SABIC says challenges remain, views Aramco deal positively

SABIC made a net profit of 3.24 billion riyals ($864 million) in the three months to December 31. (AFP)
Updated 27 January 2019
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SABIC says challenges remain, views Aramco deal positively

  • SABIC posted a 12.4 percent drop in fourth-quarter profit compared to the year earlier period
  • Discussions are ongoing for growing SABIC’s business in North America

RIYADH: Saudi Basic Industries Corp. (SABIC) expects to face challenges this year due to uncertainty over the impact of a global trade war on the United States and China, its major markets, the company’s chief executive said on Sunday.
However, the world’s fourth-biggest petrochemicals company said it has the ability to deal with such challenges and started to see stabilization in prices of some products after a steep decline toward the end of 2018.
SABIC reported a 12.4 percent drop in fourth-quarter profit compared to the year earlier period, missing analyst forecasts. The company attributed the fall to lower average selling prices and a decrease in the share of results of associates.
“We’ve seen stabilization for some of the prices, still there are some challenges ahead of us,” Chief Executive Yousef Al-Benyan told a news conference in the Saudi capital.
SABIC will continue to boost its presence in its major markets — the US and China, he added.
“We are part of the global economic system, we are always affected by challenges but we are able to adapt with these challenges in the best way.”
He said SABIC will continue to raise its presence in Africa, as it is seen a very promising market.
SABIC’s biggest shareholder, the Public Investment Fund (PIF), is in talks to sell its majority stake to Saudi national oil giant Aramco <IPO-ARMO.SE>.
Benyan said he views Aramco’s move to “positively,” but further details are a matter for PIF and Aramco, which aims to become a global leader in chemicals.
He added the company will determine later if it needs to increase its 24.99 percent stake in Switzerland’s Clariant after the two companies decided to merge their high-performance materials businesses.
SABIC made a net profit of 3.24 billion riyals ($864 million) in the three months to Dec. 31, down from 3.7 billion riyals in the year-earlier period, the company said in a statement to the stock exchange.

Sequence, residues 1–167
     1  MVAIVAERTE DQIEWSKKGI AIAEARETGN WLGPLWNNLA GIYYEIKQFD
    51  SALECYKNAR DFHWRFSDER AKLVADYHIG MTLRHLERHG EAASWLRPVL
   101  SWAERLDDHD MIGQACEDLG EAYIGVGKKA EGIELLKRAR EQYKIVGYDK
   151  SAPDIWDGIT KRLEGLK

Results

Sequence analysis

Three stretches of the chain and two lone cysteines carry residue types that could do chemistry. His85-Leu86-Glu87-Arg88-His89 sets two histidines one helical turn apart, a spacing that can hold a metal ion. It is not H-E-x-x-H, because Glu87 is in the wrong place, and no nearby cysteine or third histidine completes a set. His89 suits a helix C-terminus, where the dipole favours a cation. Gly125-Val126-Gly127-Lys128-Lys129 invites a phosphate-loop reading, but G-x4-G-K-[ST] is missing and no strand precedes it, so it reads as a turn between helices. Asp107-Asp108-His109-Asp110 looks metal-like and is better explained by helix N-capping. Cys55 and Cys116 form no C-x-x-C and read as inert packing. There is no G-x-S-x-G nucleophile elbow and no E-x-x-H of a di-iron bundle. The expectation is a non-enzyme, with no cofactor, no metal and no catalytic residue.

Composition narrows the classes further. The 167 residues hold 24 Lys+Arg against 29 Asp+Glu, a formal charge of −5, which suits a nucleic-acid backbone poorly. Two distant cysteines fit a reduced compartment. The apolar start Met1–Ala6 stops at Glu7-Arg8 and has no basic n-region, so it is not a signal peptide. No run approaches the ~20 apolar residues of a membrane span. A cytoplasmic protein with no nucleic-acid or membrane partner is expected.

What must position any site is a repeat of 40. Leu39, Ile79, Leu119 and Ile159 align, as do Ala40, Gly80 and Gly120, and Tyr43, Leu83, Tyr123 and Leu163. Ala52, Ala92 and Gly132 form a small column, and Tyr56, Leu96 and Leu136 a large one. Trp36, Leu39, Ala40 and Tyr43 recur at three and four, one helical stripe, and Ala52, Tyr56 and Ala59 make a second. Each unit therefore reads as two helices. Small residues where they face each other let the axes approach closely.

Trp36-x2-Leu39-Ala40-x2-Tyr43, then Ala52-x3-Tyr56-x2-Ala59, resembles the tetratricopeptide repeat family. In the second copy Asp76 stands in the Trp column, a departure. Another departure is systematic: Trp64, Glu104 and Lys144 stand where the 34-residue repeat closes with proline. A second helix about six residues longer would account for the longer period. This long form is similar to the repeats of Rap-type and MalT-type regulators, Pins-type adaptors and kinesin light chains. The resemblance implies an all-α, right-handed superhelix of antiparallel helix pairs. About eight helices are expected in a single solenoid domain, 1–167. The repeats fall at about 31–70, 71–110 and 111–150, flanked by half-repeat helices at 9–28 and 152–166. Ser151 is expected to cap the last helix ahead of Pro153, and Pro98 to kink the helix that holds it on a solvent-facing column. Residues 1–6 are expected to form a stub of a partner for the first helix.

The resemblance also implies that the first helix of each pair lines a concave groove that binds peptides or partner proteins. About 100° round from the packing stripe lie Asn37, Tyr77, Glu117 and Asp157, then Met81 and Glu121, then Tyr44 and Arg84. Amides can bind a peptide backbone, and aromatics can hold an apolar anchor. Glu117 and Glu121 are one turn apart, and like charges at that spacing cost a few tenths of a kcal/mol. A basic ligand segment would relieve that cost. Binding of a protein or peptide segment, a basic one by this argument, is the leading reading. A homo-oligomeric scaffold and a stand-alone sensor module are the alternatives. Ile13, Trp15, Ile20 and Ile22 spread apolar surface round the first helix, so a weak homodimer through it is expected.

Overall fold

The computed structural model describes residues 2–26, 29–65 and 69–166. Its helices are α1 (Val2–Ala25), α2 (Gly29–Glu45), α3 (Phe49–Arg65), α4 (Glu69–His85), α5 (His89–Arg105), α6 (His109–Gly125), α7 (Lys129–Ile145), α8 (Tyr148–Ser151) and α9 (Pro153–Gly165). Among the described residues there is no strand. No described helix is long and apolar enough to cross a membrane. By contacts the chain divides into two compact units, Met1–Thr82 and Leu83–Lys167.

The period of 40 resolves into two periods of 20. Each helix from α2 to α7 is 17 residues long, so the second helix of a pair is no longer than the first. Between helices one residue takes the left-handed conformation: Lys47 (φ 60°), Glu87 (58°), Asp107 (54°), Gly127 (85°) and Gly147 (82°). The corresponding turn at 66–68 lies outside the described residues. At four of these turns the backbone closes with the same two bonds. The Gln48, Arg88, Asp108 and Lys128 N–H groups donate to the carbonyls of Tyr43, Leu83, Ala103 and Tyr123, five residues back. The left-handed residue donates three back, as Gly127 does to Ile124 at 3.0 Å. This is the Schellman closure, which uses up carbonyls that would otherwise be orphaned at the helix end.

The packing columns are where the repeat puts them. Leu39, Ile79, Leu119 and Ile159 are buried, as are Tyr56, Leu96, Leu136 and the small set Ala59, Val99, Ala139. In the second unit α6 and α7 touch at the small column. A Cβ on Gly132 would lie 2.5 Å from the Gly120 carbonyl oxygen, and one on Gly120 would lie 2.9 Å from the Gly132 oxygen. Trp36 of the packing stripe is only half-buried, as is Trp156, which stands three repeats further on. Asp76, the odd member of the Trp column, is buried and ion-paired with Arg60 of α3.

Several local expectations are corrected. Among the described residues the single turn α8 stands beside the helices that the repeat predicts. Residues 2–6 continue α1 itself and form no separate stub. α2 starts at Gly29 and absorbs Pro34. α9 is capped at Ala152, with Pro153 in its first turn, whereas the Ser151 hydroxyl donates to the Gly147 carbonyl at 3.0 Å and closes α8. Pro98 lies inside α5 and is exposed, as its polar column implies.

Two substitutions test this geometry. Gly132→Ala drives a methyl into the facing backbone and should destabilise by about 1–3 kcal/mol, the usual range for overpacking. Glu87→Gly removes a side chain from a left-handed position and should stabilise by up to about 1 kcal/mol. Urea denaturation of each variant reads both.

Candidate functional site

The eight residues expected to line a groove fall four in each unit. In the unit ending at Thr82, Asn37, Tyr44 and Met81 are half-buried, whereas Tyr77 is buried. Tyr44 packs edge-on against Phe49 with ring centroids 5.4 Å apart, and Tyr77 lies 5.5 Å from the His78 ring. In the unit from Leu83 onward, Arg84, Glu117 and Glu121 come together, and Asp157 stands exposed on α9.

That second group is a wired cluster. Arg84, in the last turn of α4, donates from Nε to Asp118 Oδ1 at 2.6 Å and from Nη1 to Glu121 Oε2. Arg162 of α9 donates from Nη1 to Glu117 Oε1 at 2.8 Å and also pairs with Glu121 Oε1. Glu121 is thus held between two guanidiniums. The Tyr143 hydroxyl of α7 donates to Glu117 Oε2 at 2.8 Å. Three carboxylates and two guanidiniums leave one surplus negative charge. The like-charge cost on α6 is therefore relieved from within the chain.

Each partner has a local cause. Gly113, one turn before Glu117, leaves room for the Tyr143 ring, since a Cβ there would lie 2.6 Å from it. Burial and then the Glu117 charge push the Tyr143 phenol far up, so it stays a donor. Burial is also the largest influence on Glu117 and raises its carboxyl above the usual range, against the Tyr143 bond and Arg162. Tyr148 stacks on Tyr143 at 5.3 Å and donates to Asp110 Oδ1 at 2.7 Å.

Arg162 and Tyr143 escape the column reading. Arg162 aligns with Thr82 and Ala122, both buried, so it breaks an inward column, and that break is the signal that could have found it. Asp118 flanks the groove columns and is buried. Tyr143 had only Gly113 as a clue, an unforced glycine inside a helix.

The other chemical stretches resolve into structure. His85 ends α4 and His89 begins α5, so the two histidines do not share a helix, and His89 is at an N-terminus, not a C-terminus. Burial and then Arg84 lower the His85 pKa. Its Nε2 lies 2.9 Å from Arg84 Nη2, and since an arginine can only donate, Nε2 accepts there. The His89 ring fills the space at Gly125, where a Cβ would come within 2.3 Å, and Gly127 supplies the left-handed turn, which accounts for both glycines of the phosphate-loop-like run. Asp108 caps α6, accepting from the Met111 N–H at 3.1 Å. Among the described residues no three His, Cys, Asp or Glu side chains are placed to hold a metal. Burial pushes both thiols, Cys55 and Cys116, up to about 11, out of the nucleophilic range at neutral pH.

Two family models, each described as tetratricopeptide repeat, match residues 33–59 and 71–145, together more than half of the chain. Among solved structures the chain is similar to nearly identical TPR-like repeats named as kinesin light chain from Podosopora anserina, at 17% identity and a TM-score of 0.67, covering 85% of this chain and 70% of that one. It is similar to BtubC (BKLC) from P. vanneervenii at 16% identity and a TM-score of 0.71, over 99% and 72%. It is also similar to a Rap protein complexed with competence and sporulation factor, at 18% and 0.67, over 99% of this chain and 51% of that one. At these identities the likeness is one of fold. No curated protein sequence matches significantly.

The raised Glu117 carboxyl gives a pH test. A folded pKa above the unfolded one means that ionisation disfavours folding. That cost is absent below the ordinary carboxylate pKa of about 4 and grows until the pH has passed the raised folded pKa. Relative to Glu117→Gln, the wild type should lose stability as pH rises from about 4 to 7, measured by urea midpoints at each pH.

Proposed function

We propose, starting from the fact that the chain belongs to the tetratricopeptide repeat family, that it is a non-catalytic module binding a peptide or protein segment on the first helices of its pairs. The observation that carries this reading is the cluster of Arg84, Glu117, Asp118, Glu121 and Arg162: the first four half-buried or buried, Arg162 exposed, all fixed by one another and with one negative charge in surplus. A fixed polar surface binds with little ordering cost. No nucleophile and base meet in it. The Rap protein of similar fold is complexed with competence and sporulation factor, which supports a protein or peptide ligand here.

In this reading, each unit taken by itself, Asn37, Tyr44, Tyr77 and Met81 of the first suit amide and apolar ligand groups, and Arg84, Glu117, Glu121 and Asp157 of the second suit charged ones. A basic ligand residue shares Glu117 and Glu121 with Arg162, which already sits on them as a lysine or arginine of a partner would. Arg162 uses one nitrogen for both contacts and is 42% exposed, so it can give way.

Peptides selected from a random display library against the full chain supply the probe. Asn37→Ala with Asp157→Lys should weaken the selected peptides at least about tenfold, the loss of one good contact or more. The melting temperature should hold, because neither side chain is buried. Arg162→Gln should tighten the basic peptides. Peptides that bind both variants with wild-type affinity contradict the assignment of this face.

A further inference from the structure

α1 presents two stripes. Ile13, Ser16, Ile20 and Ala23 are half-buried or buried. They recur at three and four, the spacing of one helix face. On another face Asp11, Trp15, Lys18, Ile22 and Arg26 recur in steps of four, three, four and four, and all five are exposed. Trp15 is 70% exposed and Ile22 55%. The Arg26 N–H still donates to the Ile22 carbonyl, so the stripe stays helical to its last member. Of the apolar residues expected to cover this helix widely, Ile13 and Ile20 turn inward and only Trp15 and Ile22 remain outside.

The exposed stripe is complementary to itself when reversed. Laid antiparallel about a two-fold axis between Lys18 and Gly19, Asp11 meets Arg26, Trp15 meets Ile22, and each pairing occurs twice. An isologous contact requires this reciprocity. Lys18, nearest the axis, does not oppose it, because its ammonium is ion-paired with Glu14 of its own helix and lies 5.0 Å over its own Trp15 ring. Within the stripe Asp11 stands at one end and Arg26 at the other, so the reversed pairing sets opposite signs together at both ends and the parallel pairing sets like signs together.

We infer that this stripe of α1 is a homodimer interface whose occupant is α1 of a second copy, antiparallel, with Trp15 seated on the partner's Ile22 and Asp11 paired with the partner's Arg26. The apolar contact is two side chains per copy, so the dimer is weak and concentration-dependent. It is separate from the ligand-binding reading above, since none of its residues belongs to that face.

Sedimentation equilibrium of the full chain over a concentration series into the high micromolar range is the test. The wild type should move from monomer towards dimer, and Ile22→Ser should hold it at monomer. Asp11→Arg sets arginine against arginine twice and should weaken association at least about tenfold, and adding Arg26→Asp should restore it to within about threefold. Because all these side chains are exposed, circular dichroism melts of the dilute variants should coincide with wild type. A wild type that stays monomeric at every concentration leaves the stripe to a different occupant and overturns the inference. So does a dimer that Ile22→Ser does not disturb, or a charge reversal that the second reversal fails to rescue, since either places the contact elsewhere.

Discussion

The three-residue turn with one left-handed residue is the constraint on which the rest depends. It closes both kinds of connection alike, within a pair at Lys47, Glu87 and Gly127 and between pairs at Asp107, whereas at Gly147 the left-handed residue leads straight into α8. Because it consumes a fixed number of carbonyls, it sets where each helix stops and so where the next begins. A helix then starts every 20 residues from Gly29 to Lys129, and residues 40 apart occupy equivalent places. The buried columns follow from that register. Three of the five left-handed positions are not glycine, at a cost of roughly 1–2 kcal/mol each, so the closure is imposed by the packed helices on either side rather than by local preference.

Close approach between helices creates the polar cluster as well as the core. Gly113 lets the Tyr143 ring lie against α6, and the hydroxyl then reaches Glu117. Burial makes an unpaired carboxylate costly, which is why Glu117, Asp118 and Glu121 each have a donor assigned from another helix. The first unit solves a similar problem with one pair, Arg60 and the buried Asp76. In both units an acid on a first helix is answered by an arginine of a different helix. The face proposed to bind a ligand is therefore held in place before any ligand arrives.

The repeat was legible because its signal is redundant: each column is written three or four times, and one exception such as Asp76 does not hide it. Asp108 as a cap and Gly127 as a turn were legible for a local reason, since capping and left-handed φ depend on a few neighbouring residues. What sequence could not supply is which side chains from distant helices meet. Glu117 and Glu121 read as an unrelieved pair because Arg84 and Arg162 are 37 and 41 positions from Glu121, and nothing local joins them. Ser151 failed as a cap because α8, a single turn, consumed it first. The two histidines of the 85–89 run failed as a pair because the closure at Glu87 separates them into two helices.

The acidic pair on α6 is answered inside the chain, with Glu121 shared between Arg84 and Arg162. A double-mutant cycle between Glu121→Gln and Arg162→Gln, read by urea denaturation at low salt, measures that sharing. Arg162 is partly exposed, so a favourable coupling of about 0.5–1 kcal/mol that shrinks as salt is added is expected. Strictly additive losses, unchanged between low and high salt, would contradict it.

That was lower than the average forecast of three analysts polled by Refinitiv, who expected SABIC to post a net profit of 4.92 billion riyals.
Shares of SABIC were trading 0.3 percent higher in late morning trade, recovering earlier losses.
SABIC results are closely tied to oil prices and global economic growth because its products — plastics, fertilizers and metals — are used extensively in construction, agriculture, industry and the manufacturing of consumer goods.
In 2018, US West Texas Intermediate crude (WTI)futures slumped nearly 25 percent, while Brent tumbled more than 19.5 percent. ($1 = 3.7505 riyals)


India suspends Kashmir border trade with Pakistan

Updated 19 April 2019
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India suspends Kashmir border trade with Pakistan

  • Kashmir has been on edge since a February suicide attack that killed 40 Indian paramilitaries
  • India said it had reports that trade on the border was being “misused by Pakistan-based elements for funnelling illegal weapons, narcotics and fake currency”

NEW DELHI: India has suspended trade across its disputed Kashmir border with Pakistan, alleging that weapons and drugs are being smuggled across the route, as tensions simmer between the nuclear-armed neighbors.
Kashmir has been on edge since a February suicide attack that killed 40 Indian paramilitaries and brought the two countries to the brink of war with cross-border air strikes.
On Thursday, India’s government, which is in the middle of a tough national election, said it had reports that trade on the border was being “misused by Pakistan-based elements for funnelling illegal weapons, narcotics and fake currency.”
It also said many of those trading across the Line of Control, which divides Kashmir into zones under Indian and Pakistani control, had links to militant organizations.
The home ministry said trade would be suspended until a stricter inspection mechanism is in place.
The cross-border trade is based on a barter system, with traders exchanging goods including chillies, cumin, mango and dried fruit.
It began in 2008 as a way to improve strained relations between New Delhi and Islamabad, who have fought two of their three wars over the disputed region.
The Indian Express newspaper said Friday that 35 trucks carrying fruit traveling from the Indian side of the border had been stopped after the government order.
Trade on the border has been suspended before, including in 2015, when India accused a Pakistani driver of drug trafficking.
The latest move comes after India withdrew “Most Favoured Nation Status” — covering trade links — from Pakistan after the February attack, which was claimed by the Pakistan-based Jaish-e-Mohammed Islamist group.
Islamabad has denied any involvement in the attack.
India’s Hindu nationalist Prime Minister Narendra Modi has made national security a key plank of his re-election campaign, pointing to the recent flare-up of violence as he battles the center-left opposition Congress party.
He is seeking a second term from the country’s 900 million voters in the mammoth election which kicked off on April 11 and runs till May 19. The results will be out on May 23.